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Tobiasz Szajerka, Aleksandra Klimczak, Jerzy Jablecki
Ann Transplant 2011; 16(1): 83-89
Hand transplantation (HTx), a non-life saving reconstructive procedure, significantly improves the quality of life of upper limb amputees. However, HTx recipients need to take immunosuppressive drugs for the remainder of their lives and, despite dramatic improvements in the safety of modern immunosuppressive protocols, these patients continue to suffer from adverse effects, a fact which raises ethical doubts regarding the legitimacy of HTx given its non-life saving nature. Furthermore, the effectiveness of immunosuppressive treatment in preventing chronic rejection remains unclear. In order to circumvent these important impediments, the ultimate goal of composite tissue allografting (CTA) needs to be the induction of donor-specific tolerance. A possible way of attaining this objective may be chimerism, the coexistence in the host organism of 2 populations of cells of both donor and recipient origin. Clinical experiments of solid-organ transplant recipients and CTA research in animal models provide promising perspectives for establishing chimerism with the use of the facilitating cells and regulatory T-cells.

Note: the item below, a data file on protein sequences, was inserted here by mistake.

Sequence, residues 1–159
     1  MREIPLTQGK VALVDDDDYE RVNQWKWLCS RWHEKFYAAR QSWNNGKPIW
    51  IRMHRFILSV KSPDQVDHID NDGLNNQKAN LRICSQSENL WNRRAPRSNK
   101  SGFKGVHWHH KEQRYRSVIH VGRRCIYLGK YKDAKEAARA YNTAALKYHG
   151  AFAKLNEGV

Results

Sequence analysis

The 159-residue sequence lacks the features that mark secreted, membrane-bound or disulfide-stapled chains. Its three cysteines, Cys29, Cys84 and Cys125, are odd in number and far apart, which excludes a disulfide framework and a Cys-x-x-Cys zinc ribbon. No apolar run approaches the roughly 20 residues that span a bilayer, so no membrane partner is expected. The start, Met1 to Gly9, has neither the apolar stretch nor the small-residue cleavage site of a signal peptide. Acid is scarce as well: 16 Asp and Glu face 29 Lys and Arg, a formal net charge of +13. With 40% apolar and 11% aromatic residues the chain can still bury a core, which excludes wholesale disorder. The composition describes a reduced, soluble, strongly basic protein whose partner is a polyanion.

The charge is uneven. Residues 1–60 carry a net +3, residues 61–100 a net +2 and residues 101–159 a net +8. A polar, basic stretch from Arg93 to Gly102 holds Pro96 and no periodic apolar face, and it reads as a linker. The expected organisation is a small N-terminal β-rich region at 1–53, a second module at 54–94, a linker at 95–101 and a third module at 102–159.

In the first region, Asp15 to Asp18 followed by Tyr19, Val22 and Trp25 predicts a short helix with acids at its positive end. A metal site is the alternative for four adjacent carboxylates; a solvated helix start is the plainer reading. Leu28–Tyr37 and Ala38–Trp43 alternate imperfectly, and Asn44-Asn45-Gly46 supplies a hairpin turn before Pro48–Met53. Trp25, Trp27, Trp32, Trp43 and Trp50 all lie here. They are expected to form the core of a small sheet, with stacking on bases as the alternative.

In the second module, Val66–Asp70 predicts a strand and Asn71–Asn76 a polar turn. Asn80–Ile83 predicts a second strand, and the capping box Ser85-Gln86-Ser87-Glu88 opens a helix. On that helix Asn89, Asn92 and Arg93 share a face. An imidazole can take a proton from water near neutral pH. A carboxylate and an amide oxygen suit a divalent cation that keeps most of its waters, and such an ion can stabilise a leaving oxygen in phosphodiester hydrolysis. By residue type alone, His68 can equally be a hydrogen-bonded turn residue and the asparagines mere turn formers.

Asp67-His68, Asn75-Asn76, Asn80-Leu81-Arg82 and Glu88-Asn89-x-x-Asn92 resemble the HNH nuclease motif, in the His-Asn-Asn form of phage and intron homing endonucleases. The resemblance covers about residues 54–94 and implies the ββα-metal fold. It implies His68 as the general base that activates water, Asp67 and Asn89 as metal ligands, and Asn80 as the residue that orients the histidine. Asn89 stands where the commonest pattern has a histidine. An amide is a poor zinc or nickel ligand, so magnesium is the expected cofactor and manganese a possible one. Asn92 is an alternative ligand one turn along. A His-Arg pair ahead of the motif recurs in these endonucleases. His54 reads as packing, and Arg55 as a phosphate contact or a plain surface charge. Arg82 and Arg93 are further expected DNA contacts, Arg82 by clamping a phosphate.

This article reviews the available data on achieved chimerism in HTx and the relevant literature.